Extras: Deleted scenes, five behind-the-scenes features.

Splinter (R, 2008, Magnet/Magnolia)
Familiar devices? Yes, “Splinter” has familiar devices. There’s the random character whose only purpose is to die at the hands of the film’s chief threat before the opening credits even arrive. There are the two not-necessarily-likeable protagonists (Paulo Costanzo, Jill Wagner) who picked this weekend of all weekends to solidify their inability to go camping in the middle of nowhere, as well as the unsavory couple (Shea Whigham, Rachel Kerbs) that antagonizes couple A but then must reconsider once that thing from the first scene comes along to turn everything upside down. There’s also more where that came from, as “Splinter” lifts trick upon trick out of the horror movie playbook, right up to and including the traditional big finish and tease at the end. What “Splinter” also has, though, is one of the more ridiculous (in a completely complimentary way) monsters to enter the horror movie ring in some time. The title provides a clue, but it’s best not to spoil any further, because discovering just what a visual mess our heroes have on their hands is the easily the film’s biggest treat. The gradual reveal also does much to mollify whatever grievance one might have with the derivative nature of the rest of the story, which at least benefits from a low-budget sensibility and some partially (if not completely) inventive solutions to the problem at hand. How many films can use the phrase, “It’s OK, we’re cutting your arm off” as a form of straight-faced reassurance? Only this one.
Extras: Director/cast commentary, director/crew commentary, seven behind-the-scenes features, art gallery.

Road to the Big Leagues (NR, 2008, Indiepix)
Here’s a story that won’t surprise anybody: As baseball’s global appeal expands its reach, major league dreams inevitably follow close behind. This is acutely apparent in the Dominican Republic, where the likes of David Ortiz and Vladimir Guerrero, among a growing list of others, have traded impoverished childhoods for million-dollar careers in the big leagues and uncomfortably high levels of hero worship in their homeland. “Road to the Big Leagues” checks in on both Ortiz and Guerrero during their respective offseason existences while also tracking the progress of one major league hopeful and touching on everything from the alternatives to baseball success and the fatal damage a faulty birth certificate can wreak on one’s aspirations. It’s all fascinating stuff, and it’s a shame “Leagues” feels a need, for whatever reason, to cram it all into a mere 53 minutes of space. That’s the main (and, really, only) knock against the film, which would only benefit from more time to spread around. To its credit, it at least takes full advantage of the time it has. It’s not necessarily a good tactic to leave people wanting more to the degree this one does, but it beats overstaying your welcome any day.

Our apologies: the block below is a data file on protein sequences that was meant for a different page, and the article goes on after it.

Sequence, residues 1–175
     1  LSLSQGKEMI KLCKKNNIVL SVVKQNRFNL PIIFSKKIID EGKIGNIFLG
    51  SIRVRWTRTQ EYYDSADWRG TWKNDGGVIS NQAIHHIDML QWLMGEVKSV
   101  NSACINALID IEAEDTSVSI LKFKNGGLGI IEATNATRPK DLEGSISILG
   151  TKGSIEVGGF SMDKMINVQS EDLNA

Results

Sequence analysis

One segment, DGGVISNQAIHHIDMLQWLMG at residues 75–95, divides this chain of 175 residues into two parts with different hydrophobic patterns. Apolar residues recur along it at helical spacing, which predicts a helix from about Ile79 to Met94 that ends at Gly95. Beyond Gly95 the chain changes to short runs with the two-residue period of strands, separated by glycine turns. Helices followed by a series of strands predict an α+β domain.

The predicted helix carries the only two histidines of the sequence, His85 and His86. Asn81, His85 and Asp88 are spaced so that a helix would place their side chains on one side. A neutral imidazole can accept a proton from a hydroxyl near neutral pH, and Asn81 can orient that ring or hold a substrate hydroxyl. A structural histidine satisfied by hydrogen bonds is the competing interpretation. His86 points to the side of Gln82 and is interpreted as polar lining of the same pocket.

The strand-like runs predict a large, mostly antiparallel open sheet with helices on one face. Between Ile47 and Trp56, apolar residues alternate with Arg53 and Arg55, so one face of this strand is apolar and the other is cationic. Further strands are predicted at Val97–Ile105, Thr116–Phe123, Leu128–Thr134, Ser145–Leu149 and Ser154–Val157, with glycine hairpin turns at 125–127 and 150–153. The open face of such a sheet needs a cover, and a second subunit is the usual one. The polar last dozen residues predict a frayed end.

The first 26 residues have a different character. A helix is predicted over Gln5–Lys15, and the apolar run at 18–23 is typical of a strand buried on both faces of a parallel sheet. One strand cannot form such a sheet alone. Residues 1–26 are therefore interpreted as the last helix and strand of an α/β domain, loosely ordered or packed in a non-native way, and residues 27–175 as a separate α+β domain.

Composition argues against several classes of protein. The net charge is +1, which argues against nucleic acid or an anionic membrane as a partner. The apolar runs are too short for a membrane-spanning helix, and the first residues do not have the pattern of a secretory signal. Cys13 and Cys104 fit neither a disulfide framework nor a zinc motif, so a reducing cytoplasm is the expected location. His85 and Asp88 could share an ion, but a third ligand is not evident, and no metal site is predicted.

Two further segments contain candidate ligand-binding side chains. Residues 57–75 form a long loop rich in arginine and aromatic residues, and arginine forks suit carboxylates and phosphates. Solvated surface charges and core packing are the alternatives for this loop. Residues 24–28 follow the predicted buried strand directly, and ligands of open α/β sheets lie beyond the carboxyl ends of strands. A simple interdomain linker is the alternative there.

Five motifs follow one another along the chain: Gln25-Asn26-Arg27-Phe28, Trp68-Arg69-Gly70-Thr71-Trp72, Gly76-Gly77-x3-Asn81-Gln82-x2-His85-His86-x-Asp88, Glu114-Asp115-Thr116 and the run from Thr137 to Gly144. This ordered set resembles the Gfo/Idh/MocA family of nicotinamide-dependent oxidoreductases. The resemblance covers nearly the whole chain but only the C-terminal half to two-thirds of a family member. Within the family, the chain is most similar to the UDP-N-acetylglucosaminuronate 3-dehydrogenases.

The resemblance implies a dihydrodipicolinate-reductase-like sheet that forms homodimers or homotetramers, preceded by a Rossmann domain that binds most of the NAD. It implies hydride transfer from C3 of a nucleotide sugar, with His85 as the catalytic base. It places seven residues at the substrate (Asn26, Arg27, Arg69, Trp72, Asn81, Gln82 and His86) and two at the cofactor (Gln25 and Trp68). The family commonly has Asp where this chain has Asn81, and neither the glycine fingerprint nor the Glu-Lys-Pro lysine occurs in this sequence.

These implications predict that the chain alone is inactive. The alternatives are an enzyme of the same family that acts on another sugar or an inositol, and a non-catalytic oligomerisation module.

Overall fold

Extras: Director interview, extended and new footage.

Shuttle (R, 2008, Magnet/Magnolia)
How much is $15 worth to you? For Mel (Peyton List) and Jules (Cameron Goodman), it’s the difference between taking one airport shuttle over the other. For us, it’s the difference between “Shuttle” being a pointless movie about a routine ride home and what it actually is, which is anything but. Yes, there’s trouble on that airport shuttle, and for a while, “Shuttle” appears to be just another horror movie about a maniac bent on tormenting and destroying people for reasons that never go explained. But even when “Shuttle” is at its most banal and unpromising, it’s just creepy and curious enough to merit engagement. And once it turns a corner and heads into its second half, that engagement pays off. “Shuttle” doesn’t merely wish to explain its madness; it expounds wildly on it, and even the twist you see coming pays off thanks to the amount of energy the film and its creepy characters invest into it. The complete disclosure of “Shuttle’s” madness makes for one of the more unsettling gotchas to grace the horror genre this year, and even the most hardened fans of the genre will be pressed not to feel just a little bit creeped out by the sequence that brings it home.
Extras: Deleted scenes, behind-the-scenes feature, casting footage.

Exosquad: Season 1 (NR, 1993, Universal)
Your typical action-oriented Saturday morning cartoon goes a little something like this: Bad guys hatch scheme to destroy good guys and/or whatever they stand for, good guys find out just in time, bad guys imperil good guys, good guys pull off a comeback victory, bad guys escape, and everything starts over again the next week. Not so with “Exosquad,” which not only hatches a rather sophisticated plot about a race created by humans taking over the human race, but uses a serial format to stretch the multithreaded story over the entire season. The best part? It does all this high-concept stuff on the strength of the same hokey dialogue and B-level voice acting that so explicitly exemplifies the Saturday Morning cartoon. The sides can’t help but clash, but that’s part of the entertainment. Additionally, the overarching storyline and serial format are sufficiently satisfying enough that rolling your eyes and anticipating what happens next need not be mutually exclusive.